7. Video Games
Video games are more widespread and accessible than ever. Addiction and overexposure are genuine problems that can stunt children’s cognitive development. Parents should be clear about these problems with their children and take steps to address them early on.
Video games are more accessible and inexpensive than ever. Phones, tablets, and computers can all be used for playing video games. And the days when video games could only be played on pricey consoles are long gone. Accordingly, the video-game business model is evolving.
Today, many children aged 10 to 12 own a phone, a tablet, and/or a console. And, of course, today these technologies can all be easily and systematically connected via the internet. The “freemium” subscription model entices many children to nag their parents to purchase such-and-such virtual accessory. A game that was initially free can end up costing a lot of money.
We know that this intermediary period between childhood and adolescence is a sensitive time. Many children, especially boys, are drawn in by games in which power and violence predominate. These video games respond simultaneously to impulses aroused by puberty and to the need to escape the unpleasant realities of daily life (e.g., school). Such games are more and more commonly designed to be addictive. Today, children’s addiction to video games is an affliction recognized by both psychiatrists and psychologists. Of course, not every child who plays these games reaches this point, but addiction must be recognized as a danger.
Our brains are genetically programmed to seek pleasure and satisfy our impulses. It is only education that can lead children to control and defer their impulses. The pleasure of playing a video game and being forced to stop sets off a sensation of withdrawal from the so-called neurological reward circuit. This is the same addictive mechanism at work with drugs, cigarettes, and alcohol.
The part of the brain which allows us to defer pleasure and control our emotions and impulses is located in the prefrontal lobe. If children regularly cave in the face of immediate gratification, they do not have the mental energy to self-regulate. From the age of 10 to 12, the prefrontal lobe, whose function is to inhibit, is far from being fully developed (which happens after the age of 20). What’s more, the less children try to stop themselves playing, the less they reinforce their inhibitive neural networks, and the more difficult this task becomes.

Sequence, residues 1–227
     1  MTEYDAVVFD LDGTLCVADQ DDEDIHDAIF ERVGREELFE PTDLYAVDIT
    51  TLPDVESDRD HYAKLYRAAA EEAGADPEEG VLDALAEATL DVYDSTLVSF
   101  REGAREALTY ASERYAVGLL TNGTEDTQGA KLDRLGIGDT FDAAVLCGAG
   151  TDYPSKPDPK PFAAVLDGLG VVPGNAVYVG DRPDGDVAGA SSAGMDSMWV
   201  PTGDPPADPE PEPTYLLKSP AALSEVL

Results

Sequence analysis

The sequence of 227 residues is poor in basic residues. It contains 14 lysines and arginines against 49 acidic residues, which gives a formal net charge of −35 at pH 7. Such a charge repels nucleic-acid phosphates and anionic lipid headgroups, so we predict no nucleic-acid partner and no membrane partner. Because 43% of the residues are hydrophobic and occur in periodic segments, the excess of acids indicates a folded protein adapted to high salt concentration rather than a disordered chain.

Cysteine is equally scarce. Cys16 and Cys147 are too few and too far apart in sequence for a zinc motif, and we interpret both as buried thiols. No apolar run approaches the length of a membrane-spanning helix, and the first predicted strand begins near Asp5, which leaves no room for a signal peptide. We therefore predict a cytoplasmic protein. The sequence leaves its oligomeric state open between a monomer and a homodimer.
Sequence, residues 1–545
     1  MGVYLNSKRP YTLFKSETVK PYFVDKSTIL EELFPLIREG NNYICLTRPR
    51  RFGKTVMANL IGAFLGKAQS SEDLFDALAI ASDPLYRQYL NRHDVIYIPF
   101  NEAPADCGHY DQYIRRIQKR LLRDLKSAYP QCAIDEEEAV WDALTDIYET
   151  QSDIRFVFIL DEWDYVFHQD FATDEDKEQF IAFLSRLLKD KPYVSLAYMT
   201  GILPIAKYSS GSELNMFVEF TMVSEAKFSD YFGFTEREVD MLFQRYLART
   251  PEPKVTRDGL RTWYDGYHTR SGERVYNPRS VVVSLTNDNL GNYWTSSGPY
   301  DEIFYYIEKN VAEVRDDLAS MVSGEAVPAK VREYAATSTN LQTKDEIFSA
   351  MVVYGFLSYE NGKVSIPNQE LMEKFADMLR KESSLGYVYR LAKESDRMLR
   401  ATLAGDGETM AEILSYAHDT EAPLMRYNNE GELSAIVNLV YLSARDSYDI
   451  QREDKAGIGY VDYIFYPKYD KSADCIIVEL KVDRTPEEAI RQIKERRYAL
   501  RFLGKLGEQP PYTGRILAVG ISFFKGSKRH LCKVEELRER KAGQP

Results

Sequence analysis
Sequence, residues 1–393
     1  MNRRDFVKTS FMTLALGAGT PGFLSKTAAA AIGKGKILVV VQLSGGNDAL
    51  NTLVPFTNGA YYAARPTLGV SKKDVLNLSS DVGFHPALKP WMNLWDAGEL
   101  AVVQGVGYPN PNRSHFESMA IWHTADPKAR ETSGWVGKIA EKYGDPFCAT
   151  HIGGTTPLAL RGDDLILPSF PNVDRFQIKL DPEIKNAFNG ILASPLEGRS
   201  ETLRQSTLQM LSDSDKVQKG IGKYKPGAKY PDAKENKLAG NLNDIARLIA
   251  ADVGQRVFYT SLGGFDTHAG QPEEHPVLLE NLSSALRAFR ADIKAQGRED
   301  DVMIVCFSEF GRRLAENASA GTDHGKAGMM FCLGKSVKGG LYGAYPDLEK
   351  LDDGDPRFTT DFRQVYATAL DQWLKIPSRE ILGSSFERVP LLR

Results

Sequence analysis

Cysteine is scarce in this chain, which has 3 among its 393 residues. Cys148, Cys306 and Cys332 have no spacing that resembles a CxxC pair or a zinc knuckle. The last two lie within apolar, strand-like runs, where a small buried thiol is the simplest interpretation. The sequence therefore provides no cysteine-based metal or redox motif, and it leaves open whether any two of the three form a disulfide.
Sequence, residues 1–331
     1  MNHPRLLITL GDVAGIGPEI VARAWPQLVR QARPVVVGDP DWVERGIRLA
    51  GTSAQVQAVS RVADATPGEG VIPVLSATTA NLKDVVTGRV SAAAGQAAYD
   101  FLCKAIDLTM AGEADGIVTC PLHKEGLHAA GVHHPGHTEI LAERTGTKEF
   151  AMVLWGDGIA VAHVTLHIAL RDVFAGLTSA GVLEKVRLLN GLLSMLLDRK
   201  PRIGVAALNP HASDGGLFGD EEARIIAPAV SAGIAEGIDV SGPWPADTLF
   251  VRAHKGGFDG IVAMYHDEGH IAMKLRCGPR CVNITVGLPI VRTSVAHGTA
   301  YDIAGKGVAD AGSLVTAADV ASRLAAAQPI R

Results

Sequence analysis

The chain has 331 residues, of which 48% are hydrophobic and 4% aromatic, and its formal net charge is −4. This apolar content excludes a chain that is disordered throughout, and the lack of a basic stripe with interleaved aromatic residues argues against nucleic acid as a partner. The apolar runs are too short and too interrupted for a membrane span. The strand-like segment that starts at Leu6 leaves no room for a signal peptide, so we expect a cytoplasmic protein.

Anyone who finds themselves addicted, be they children or adults, begins losing interest in other activities.
What relationship can we establish between this phenomenon and the development of critical thinking and reasoning? Addiction to any substance or activity adversely affects our self-image. Anyone who finds themselves addicted, be they children or adults, begins losing interest in other activities. They don’t feel that intellectual, cultural, or sporting activities have anything to offer. The only things that are important are immediate gratification and that which invokes it. This no longer leaves any room for critical thinking and reasoning and can even cause regression.
Addicted children will rationalize their lack of motivation by stating that everything else is uninteresting and that they play the game out of free will—because it’s the only interesting thing out there. This absence of critical thinking about oneself will forestall the possibility of shaking the addiction.
Overexposure to video games can therefore be disastrous for pre-adolescents and teenagers in terms of the development of their critical faculties. It can affect children’s future for good. It can deprive children from experience in sublimating their impulses and in taking joy in learning.
What can we do?
Wait as long as possible before introducing children to video games, other than those which are cognitively or intellectually stimulating.
Guide children in the direction of games that do not play into impulses linked to domination, violence, or seduction, but that instead stimulate curiosity and reflection. You can find some good examples here.
If children have already taken a liking to an addictive game, it will be necessary to limit their access to it and to make it conditional on participating in other activities that facilitate critical thinking and reasoning.
Parents should also converse with an addicted child to try to get them to recognize that games are stifling his or her interest in other things.
It is critical to pay attention to all of these considerations for children around the age of 10. Once puberty hits, it will be a lot more difficult to call into question addictive behavior and simple, instant gratification.
Case Study 4